This article explores when it’s appropriate to use web components offered by a UI component library while also keeping timeframe and quality in mind. But first, let’s dive into the structure of web components and discuss what products can benefit from the use of a UI component library.
UI component library: Understanding the web components standards
Web components let you create websites regardless of the coding environment. In other words, web components are reusable code that you can plug into most environments (or development platforms).
Let’s look at the web components standard, which sets general rules for web components that are natively supported by browsers.
Custom elements are the main technology behind the web components that make up any web components library. They allow you to extend the initially-limited capabilities of HTML. As the demand for more advanced solutions grows, out-of-the-box HTML capabilities are just not enough. Custom elements teach the browser how to accurately interpret new behaviors on the page. As an example, let’s say you need to add a unique form because an inbuilt HTML form doesn’t match your requirements. This is where custom elements come into play, letting you craft a form that will look like a native form in HTML, but will meet your unique business needs.
Shadow DOM is another technology behind the web components standard. Think of Shadow DOM as a capsule that allows you to hide your component and make it an independent entity. For example, if all buttons across your website are green, the encapsulated components can be of any color you give them. Every time you want to change the button color, this change won’t affect those encapsulated components. So a front end component library should let you isolate your web components from the rest of your site.
This isolated nature of a web component gives you total control: you can place a component into a separate block that makes it resilient to any changes. This is especially useful if projects have many components and pages.
Despite the fact that Shadow DOM is a big part of the web components standard, web components can exist without it. When web components are simple, or if there are SEO concerns you want to address, Shadow DOM can be redundant. So a lightweight web components library without Shadow DOM can address your needs.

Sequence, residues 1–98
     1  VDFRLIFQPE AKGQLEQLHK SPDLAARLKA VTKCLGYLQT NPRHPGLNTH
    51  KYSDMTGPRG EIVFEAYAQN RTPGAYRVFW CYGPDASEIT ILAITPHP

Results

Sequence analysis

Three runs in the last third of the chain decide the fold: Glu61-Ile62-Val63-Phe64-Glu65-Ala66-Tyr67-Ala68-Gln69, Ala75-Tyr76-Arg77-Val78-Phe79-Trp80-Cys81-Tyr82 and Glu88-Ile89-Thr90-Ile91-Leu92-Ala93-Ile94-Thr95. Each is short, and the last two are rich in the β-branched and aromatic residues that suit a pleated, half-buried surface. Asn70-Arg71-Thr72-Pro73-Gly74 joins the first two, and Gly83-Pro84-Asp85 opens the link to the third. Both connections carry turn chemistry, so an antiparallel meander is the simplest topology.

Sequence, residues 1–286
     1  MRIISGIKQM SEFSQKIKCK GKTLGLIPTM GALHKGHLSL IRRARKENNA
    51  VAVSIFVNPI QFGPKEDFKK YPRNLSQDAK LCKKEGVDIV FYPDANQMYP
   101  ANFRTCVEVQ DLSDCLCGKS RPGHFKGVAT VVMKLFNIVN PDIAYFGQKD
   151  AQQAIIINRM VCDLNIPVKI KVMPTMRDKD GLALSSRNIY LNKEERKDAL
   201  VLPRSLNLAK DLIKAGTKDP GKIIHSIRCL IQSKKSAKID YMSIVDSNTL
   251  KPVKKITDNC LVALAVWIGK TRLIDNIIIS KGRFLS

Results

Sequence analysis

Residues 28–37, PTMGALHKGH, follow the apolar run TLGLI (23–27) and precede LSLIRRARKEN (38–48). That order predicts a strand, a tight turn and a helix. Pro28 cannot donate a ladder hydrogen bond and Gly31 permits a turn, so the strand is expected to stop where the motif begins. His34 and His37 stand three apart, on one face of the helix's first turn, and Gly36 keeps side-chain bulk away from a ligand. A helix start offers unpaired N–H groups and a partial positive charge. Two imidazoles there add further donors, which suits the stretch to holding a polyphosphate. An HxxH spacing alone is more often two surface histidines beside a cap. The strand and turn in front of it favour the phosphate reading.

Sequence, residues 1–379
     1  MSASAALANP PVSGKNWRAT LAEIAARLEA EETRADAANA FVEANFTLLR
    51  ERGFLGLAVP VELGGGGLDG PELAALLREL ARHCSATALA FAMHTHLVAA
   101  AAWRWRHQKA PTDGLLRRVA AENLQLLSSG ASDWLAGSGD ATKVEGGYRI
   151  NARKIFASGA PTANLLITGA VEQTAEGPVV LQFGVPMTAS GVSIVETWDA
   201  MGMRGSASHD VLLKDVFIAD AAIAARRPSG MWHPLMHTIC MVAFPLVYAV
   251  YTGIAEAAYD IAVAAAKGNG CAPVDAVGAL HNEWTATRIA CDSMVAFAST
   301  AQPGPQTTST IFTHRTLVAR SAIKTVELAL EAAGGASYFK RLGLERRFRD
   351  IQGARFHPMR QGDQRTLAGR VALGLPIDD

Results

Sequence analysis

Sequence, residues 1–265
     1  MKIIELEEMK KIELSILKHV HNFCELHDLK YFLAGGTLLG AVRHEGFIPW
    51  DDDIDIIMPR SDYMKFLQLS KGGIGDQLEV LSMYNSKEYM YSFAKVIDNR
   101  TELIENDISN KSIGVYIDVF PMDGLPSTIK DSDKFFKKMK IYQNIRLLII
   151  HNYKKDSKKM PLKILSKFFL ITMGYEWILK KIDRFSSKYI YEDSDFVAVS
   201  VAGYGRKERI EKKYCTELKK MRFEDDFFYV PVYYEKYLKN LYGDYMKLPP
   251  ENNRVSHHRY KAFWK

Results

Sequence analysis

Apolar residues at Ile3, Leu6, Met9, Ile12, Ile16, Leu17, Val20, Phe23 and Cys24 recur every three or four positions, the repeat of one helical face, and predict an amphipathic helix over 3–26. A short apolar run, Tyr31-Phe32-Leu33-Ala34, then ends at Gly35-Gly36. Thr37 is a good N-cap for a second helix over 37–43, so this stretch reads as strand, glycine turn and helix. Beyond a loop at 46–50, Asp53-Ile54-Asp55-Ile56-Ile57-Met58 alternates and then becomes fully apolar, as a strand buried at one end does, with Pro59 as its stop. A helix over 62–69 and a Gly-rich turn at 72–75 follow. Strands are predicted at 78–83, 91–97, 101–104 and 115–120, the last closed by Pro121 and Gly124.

HTML templates are pre-defined containers for your site web components’ internal HTML implementation. In other words, HTML templates are a reusable markup for creating web components.
Now that you know what web components are, let’s have a look at where they are applied most and when a UI component library should be used.
Types of web products, and where a UI component library fits best
Websites generally fall into two main categories: reactive applications and marketing or informational websites.
Reactive applications have a lot of dynamics. Their purpose is to let users manage or control something — it can be some to-do list, chat, user account panel, cockpit for a huge product, game, or an application like an image editor. Basically, content creation and changes happen in real time. The interface should allow these actions to happen, and it changes as the user inputs content. It’s highly improbable that these solutions will require a UI component library.
Most types of web pages, though, deliver information about a product, service, or organization. In other words, content is static and wrapped in a beautiful and interactive layout. Such web products are usually powered by a content management system (CMS) — think Adobe Experience Manager, for instance. A CMS, like Adobe Experience Manager, is the foundation on which you can build your site.
To present content in a comfortable and catchy way, a web components library comes in handy while successfully replacing heavy frameworks. Maintaining high performance and displaying information to the user as quickly as possible should be your top priority, rather than having to worry about loading issues.
Marketing or informational sites can highly benefit from a UI component library based on web components. Thanks to web components, you can speed up the development process and improve the overall page performance.